I have them all. And in addition to the prescribed books, there is an outstanding library that would rarely be seen in a residence:  study course books, literature course books, classics, language reference, fiction, biography, history etc. We can set up a club. bunpeiris@gmail.com

Following information is gleaned from http://www.londoninternational.ac.uk/

Structure and syllabus

Bachelor of Arts degree in English
The BA in English consists of twelve courses. Choose four courses from level 4, four from level 5 and four from level 6.
Diploma of Higher Education in English
The Dip HE in English consists of eight courses. Choose four courses from level 4 and four from level 5.
Certificate of Higher Education in English
The Cert HE in English consists of four courses from level 4.

Level 4

Two core courses (BA, DipHE & CertHE)
Explorations in Literature
Approaches to Text

Level 4 (BA, DipHE & CertHE)

Plus two courses chosen from
Renaissance Comedy: Shakespeare and Jonson
Introduction to Creative Writing
Introduction to English Language

Level 5

Two courses chosen from
Literature of the Later Middle Ages
Renaissance and Restoration
Augustans and Romantics

Level 5

Plus two courses chosen from
Victorians
Moderns
Varieties of English

Level 6 (BA only)

Four courses chosen from
American Literature
Drama since 1860
Language and Gender
Language and the Media
The Novel
Postcolonial Literatures in English
Shakespeare

Sunday, August 31, 2014

Shakespeare in a nutshell

Shakespeare in a nutshell by bunpeiris

Was Shakespeare [1564- 1616] fortunate to have lived in the golden age [Queen Elizabeth’s reign: 1558–1603] of English history, or was it the golden age that was fortunate to have him?



The worst of times, the best of works
It has been argued the best of the literary works comes into life in the worst of times: the living testimony towards such a persuasion comes in the form of no less than the glorious literature of Russia. The best of the literary works of Russia [Crime & Punishment by Fyodor Dostoevsky in 1866; War and peace by Tolstoy in 1869] had all sprung up during the worst of its times [czarist autocracies: reign of Alexander 111 1845-1894; reign of Nicholas 11 1894-1917].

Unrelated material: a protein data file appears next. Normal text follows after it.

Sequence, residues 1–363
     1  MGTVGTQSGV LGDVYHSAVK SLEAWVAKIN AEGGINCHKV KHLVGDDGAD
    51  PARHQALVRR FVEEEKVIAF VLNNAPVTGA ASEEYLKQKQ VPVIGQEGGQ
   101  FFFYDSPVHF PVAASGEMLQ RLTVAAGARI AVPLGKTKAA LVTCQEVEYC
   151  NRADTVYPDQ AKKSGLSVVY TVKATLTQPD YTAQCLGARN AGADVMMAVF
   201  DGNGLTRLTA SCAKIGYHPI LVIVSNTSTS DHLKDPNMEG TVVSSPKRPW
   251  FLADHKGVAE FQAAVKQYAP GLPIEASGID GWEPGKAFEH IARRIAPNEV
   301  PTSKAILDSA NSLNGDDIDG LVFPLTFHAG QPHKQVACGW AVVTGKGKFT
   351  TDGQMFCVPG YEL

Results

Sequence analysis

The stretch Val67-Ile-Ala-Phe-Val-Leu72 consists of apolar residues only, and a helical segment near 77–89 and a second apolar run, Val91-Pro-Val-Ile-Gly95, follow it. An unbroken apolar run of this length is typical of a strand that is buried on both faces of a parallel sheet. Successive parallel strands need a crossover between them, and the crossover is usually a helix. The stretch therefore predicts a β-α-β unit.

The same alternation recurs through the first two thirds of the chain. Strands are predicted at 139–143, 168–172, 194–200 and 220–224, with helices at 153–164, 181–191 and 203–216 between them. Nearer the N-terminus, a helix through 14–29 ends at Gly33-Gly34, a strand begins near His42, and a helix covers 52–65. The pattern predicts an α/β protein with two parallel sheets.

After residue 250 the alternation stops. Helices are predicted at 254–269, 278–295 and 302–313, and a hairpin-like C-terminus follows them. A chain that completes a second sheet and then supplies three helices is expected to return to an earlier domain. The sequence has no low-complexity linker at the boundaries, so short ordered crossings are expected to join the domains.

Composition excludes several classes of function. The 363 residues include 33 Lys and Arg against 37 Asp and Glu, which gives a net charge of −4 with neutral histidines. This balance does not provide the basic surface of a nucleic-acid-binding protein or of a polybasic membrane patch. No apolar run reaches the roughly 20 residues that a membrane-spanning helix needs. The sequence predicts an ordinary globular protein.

s
Had Shakespeare lived in the worst of times, would he have even surpassed his unparalleled achievements as those stand today? Would he have infused still greater depth of suffering in the heart of King Lear at the death of his beloved daughter, Cordelia?
No, no, no life!
Why should a dog, a horse, a rat, have life,
And thou no breath at all?
King Lear (5.3.13)
"Has the world known a greater sorrow than a death of a child while the father is still alive?"
bunpeiris
A hush has descebded on the Globe Theatre. Th packed audience of three thousand-lords, ladies, gentlemen, merchants, tradesmen, sailors, lawyers, servants, apprentices, schoolboys, prostitutes, brothel keepers, many of whom have paid only one penny to stand as “groundlings” in front of the stage-are watching a brand –new play in broad spring daylight.. Richard burbage enters as the old King Lear. In his arms in his daughter, Cordelia, played by a boy actor. Burbage fills the rapt silence with sounds of torment even more painful than his cries of madness on the heath an hour or so earlier. His beloved Cordlia is “dead as earth”. Nothing as unremittingly bleak has ever been seen on the English stage. Departing radically from previous telling of the story. Willaim Shakespeare, the play’s 42 year old author, has been brave to let Cordelia die. By doing so he has raised stark questions about the nature of existence, questions raised afreash each time King Lear is performed. Arguably the greatest of Shakespeare’s plays, King Lear is also one of humanity’s finest artistic achievements.    
Stanley Wells: Shakespeare off the record

Best of works, best of times